The Giving of Thanks

There are several words that can be translated “Thanks” in the New Testament and seeing that this article will be sent out shortly after Thanksgiving and on Thanksgiving weekend, I thought that I would engage in a brief word study on the concept.
The Greek words, EUCARISTIA, EUCARISTEW, and EUCARISTOS are all Greek words that involve the concept of thanksgiving. Out of all of these words, EUCARISTEW, the verb, is most frequently used (39 times). The noun, EUCARISTIA is used 14 times and the adjective EUCARISTOS, once. The word is a compound word made from EU meaning “good” and CARIS, meaning “grace” or “gift.” Hence, to say “thank you” in Greek was to express “good grace to you” or “good gift to you.”
The word is used to express thanksgiving to both God and men, but it is used theologically in the New Testament to describe the state of the Christian’s indebtedness to God’s grace and mercy (2 Thessalonians 2:13). It is one of the fruits of the Spirit (Galatians 5:22). And it is that which is expressed to God for his sovereignty (Revelation 11:17).
This word may seem familiar to you because we have an English word that roughly corresponds to the Greek word, namely, Eucharist. This is the term that many use in the religious world to refer to the Lord’s Supper. It was the term used by early Christians as well. There are several references to the Lord’s Supper using this word to describe the Lord’s Supper in the writings of the apostolic “fathers.” Indeed, Paul makes it clear in 1 Corinthians 11:23-25 that thanksgiving must be involved in the prayer for both the bread and the fruit of the vine.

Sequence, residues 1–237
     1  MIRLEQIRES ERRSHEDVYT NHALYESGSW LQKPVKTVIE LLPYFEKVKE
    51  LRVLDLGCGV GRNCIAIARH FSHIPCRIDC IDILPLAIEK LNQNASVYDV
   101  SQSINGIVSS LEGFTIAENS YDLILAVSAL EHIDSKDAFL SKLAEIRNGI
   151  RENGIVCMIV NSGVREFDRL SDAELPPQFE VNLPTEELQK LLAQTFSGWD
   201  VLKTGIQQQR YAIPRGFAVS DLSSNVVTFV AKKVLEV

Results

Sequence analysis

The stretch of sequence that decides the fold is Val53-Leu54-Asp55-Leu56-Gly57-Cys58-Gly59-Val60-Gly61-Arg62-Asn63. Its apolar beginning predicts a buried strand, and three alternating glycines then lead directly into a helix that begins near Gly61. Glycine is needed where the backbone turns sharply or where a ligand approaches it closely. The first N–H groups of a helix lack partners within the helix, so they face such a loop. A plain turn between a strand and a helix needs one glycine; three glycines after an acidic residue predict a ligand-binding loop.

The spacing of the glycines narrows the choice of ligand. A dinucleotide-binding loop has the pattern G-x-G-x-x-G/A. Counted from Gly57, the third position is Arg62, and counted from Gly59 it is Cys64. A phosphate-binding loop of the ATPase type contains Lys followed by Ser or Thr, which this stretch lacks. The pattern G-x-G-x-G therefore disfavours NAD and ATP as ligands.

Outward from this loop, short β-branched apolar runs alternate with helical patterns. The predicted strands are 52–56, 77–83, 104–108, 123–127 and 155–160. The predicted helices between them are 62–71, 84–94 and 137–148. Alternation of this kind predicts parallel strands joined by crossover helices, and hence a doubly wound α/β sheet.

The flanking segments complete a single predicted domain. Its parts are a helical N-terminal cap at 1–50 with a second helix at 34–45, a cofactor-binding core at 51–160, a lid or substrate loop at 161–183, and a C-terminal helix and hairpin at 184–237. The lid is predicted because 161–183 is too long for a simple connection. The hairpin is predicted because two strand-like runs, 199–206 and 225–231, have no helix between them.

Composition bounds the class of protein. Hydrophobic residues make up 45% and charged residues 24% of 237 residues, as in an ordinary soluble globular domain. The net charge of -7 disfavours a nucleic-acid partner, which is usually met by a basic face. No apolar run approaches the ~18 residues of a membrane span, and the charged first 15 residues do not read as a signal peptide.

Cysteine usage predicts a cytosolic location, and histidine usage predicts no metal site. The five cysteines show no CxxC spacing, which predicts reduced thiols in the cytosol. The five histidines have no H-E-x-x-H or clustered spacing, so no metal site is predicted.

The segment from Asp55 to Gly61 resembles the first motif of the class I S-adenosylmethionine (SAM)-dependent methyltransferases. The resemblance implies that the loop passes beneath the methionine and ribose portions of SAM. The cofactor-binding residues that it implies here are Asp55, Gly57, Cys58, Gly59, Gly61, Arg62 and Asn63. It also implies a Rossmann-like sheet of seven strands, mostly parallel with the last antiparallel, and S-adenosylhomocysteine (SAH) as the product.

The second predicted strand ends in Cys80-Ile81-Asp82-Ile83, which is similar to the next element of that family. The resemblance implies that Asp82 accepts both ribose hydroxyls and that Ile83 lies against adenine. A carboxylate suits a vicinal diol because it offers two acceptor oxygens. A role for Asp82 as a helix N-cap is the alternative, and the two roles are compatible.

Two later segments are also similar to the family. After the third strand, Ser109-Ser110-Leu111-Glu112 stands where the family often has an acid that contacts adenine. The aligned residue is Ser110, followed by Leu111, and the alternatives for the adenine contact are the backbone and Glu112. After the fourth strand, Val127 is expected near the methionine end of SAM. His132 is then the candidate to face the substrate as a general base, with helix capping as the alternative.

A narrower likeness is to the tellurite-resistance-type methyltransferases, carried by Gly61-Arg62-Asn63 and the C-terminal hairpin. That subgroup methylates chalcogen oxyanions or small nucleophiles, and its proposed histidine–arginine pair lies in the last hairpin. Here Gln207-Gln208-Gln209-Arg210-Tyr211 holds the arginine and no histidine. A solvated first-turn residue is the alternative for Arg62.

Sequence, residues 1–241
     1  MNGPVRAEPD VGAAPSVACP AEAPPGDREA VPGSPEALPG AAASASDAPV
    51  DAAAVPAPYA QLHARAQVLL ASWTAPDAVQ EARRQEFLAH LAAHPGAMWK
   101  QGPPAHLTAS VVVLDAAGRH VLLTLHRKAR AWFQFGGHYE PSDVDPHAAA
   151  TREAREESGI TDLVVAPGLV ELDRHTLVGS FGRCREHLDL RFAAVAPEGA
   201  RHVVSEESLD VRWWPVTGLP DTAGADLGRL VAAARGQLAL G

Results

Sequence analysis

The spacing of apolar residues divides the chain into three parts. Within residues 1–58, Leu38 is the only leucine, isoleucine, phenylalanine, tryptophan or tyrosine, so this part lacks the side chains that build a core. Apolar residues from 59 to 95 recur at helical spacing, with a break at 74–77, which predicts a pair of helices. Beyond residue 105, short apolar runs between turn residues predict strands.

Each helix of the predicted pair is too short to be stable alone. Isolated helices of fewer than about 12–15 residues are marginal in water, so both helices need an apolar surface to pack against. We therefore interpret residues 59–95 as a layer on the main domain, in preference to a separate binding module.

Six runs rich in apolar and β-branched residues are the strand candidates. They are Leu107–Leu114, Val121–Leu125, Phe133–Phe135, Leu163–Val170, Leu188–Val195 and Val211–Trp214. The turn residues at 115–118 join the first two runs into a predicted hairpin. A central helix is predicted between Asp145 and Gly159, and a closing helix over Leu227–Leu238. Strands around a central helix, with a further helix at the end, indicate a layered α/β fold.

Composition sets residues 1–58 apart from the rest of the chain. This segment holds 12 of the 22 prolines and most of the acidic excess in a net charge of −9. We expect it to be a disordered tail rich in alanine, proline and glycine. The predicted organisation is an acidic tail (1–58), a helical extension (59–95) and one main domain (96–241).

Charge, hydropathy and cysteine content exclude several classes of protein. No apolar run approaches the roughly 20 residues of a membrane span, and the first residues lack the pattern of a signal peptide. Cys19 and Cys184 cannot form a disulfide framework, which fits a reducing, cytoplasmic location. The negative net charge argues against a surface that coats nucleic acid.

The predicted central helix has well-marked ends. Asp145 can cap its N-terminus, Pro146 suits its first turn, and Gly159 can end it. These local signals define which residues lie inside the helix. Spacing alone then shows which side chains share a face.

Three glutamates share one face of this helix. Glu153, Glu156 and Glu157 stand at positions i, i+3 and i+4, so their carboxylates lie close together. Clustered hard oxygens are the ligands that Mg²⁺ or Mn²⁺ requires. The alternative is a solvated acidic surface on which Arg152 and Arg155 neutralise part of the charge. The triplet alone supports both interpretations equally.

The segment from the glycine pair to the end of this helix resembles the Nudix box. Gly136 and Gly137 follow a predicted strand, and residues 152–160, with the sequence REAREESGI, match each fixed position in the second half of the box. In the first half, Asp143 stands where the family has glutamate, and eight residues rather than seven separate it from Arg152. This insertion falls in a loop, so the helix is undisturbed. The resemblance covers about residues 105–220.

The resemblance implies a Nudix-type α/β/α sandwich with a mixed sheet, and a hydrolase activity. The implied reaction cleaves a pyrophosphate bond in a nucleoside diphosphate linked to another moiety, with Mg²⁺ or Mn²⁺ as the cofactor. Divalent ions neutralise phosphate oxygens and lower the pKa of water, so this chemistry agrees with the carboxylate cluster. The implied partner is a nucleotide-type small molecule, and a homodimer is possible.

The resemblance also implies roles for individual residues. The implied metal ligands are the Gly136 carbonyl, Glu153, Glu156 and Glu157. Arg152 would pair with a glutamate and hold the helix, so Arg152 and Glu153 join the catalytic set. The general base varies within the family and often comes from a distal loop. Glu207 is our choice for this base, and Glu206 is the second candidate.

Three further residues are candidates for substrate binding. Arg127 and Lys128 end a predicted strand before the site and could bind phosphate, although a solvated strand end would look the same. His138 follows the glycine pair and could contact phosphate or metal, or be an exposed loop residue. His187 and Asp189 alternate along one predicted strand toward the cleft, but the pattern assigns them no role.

There are some additional words in the New Testament that may also be translated in this vein as well: CARIS, EXOMOLOGEW, and ANQOMOLOGEOMAI. CARIS usually means grace, but is used in 1 Corinthians 15:57 to express thanksgiving for the victory in Christ. It is also used in 2 Corinthians 9:15 in regard to God’s “unspeakable gift.”
EXOMOLOGEW is a completely different form. It is also a compound word from the preposition EK (out of) and hOMOLOGEW (confess). The idea is to express that which is out of confession. Jesus uses this word to speak to the Father in Matthew 11:25 and Luke 10:21. According to Vine’s Expository Dictionary, the meaning is to “make thankful confession” or “make acknowledgment with praise.”
ANQOMOLOGEOMAI is another compound word composed of the preposition ANTI (against, opposite) and hOMOLOGEW. The word is used in Luke 2:38 to describe Anna’s thanksgiving and praise. The preposition ANTI seems to intensify hOMOLOGEW in this instead of offset it.
So let us practice what is written and give thanks regularly regarding all things (1 Thessalonians 5:18).

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Kevin Cauley

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